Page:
While Salgado’s photographs are overwhelmingly a testimony to the suffering endured by those displaced by war, they also capture resilience among the survivors and their remarkable ability to adapt, no matter how desperate their situation. We see amid the hell of Goma and Kisangani signs of entrepreneurship and that innate human desire for some semblance of dignity. A moneyman exchanges currency; a barber cuts hair. This astounding capacity of mankind to adapt is a behavior that Salgado believes is universal.
Dire circumstances, however, do have a threshold beyond which even the strongest are challenged. As the Congolese government began forcing the bedraggled remnants of the flight to Kisangani back into the forest, in Salgado’s words, “the people became crazy.” Their distress in the face of force majeure counted for little. When eight hundred thousand people have been killed in three months and thousands more are dying each day from disease, the cries and shouts of the disposed are little more than faint accompaniment to the total collapse of moral order.
Salgado, who always works alone, lived among the refugees in Kisangani even after the UN personnel had left. There was no security. One day the director of a primary school came and told him to leave. He had heard that Salgado was to be killed for his cameras and clothes. There was little time to lose. That night, the director’s son would take Salgado by bicycle to the UN compound thirty-five kilometers away. A friend of the son, who also owned a bicycle, would accompany them, bringing Salgado’s possessions. Such was the seriousness of the threat that neither the son nor his friend was informed of the plan until just before the moment of departure, lest they talk and divulge their intent. At 3:00 a.m. the trio set off, reaching the safety of the UN by 7:00 a.m. The boys were overjoyed with the one hundred dollars each was given for saving the photographer’s life.
Salgado’s work photographing the migrations of Rwandan refugees left him physically and emotionally drained. “I was sick,” he told me. “I was not well. I had lost faith in our species. We are too violent.”
His immune system, compromised by stress, gave way, and he came down with a series of infections. An abscess had to be drained. His doctor, alarmed by what he saw, told Salgado that his body was dying and urged him to take a break. Heeding the advice, Salgado, accompanied by his wife, spent three months recuperating in a small village in Brazil.
During this period, Salgado had time to reflect on what he had witnessed. He remembers feeling despair, and his dreams were troubled, but there were no abiding symptoms of posttraumatic stress disorder. Rather, what he experienced was a pervasive sense of sadness coupled with a conviction that mankind had lost its way. With his health improved, Salgado began a new project that broke with photography. He returned with his wife and family to his parents’ farm in Brazil, which he had inherited, a land that during his childhood had been verdant and lush but which over the years had been destroyed by deforestation and drought.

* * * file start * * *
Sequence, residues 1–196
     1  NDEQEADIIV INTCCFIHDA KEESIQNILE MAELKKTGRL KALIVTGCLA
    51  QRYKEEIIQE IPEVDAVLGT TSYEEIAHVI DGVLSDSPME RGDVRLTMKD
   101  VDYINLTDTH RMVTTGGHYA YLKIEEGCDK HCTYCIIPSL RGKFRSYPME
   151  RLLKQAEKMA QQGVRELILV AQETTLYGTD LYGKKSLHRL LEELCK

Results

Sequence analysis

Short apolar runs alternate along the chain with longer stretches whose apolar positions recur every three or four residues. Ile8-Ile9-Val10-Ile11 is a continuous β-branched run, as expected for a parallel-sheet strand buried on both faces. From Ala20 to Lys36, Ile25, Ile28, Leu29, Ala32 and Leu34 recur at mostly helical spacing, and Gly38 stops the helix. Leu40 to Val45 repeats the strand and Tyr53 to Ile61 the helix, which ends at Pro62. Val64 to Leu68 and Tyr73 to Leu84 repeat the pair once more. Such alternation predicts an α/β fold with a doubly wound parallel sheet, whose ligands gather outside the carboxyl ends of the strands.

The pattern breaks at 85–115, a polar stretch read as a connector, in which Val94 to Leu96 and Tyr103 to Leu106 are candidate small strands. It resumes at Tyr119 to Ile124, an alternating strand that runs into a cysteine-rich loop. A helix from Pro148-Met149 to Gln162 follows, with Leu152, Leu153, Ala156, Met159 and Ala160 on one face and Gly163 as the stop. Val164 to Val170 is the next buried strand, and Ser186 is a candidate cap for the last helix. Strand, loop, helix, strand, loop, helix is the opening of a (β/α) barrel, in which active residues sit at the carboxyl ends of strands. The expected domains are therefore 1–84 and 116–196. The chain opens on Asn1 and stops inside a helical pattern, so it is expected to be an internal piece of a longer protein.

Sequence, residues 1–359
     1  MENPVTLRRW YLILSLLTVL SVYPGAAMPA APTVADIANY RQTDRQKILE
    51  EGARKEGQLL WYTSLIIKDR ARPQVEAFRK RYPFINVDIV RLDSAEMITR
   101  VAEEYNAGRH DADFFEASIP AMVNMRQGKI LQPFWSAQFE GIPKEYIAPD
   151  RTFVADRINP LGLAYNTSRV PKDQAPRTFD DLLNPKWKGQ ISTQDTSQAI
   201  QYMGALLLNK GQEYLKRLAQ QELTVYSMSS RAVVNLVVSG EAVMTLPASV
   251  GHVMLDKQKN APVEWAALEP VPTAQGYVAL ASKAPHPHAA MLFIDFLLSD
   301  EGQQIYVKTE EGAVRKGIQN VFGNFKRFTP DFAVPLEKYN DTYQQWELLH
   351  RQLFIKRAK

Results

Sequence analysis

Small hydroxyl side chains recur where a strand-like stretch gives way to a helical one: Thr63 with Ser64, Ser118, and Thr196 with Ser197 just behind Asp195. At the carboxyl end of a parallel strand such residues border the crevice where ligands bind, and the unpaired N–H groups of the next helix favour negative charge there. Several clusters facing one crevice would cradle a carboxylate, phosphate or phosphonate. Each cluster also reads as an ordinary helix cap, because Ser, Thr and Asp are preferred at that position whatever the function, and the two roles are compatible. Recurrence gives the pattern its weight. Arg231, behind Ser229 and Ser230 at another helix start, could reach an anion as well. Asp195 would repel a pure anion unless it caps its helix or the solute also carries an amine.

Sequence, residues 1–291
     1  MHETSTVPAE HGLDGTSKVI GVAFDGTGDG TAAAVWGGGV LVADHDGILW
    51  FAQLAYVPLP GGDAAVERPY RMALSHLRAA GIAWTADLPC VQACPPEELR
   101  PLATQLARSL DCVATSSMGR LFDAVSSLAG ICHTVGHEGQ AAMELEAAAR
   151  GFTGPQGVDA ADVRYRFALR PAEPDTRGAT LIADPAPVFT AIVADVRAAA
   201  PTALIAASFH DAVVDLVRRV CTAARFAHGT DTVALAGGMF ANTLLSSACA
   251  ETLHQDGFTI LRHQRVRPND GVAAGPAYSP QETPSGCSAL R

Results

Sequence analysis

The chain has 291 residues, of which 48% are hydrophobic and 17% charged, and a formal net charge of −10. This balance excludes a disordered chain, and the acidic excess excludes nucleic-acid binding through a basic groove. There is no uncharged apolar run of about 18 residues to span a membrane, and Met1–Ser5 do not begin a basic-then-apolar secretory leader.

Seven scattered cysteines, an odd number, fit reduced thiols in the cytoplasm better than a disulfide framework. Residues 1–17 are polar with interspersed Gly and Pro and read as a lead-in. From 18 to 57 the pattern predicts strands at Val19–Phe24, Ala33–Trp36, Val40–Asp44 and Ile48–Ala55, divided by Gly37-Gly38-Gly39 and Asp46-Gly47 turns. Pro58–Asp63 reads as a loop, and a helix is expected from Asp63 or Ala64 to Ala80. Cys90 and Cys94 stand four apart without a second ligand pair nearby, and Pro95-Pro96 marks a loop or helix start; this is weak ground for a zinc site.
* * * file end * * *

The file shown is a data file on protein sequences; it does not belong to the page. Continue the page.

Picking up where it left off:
Salgado’s philosophy in life has much in common with biocentrism, an ethical belief that asserts the nonhuman value in nature. To him, the destruction of human life that he had witnessed, never more brutal than in Rwanda and the Congo—but in other insidious ways no less cruel elsewhere—was mirrored by violence inflicted on the land and the ruination of the environment. But whereas his photographs could not reverse the tide of human misery, when it came to land that had, to use his description, “been completely violated,” he could act.
His wife Léila suggested they replant the rain forest, which is what they did, planting hundreds of thousands of trees—all local—the species native to the region. Many did not survive at first, so they planted more, and with each successive planting the health of the land improved, the bird and animal life began returning, and a lost ecosystem was reborn. Such was the success of the undertaking that the land became a national park and the Salgados formed the Instituto Terra, dedicated to promoting the restoration and conservation of forestland.
Healing the land rekindled Salgado’s desire to photograph again. Following the trajectory of his career, we see the photographer, depleted physically and emotionally after his work on Migrations, taking succor from his environmental work. Regeneration of land and career proceeded in tandem, except that when he focused his camera anew, this time it was not on humanity, whose future seems uncertain, but rather on the planet, which he feels confident will endure. His new project is aptly named Genesis.
“Photography opened the world to me,” divulged Salgado. In doing so, it spared him the dreaded nine-to-five job, unlocked his creativity, and allowed him to inform society at large. But it also confronted him with a deeply troubling paradox, namely humanity’s nobility of spirit alongside its proclivity for unrivaled cruelty.
Nowhere were these traits more starkly revealed than during his work on Migrations. If we are to pull through as a species, he believes, then we need to keep our spirit of community alive and our family bonds intact, for these are attributes that have served us well since antiquity.
We would do well to heed his advice. With political discourse in the United States mired in bitter discord over how to deal with millions of illegal immigrants, and Europe inundated with those fleeing the charnel houses of the Middle East, Salgado’s photographs have never been more relevant. They remind us not only of how little has changed over the years with these cyclical crises, but also of what the consequences may be, should we fail in our responses to them.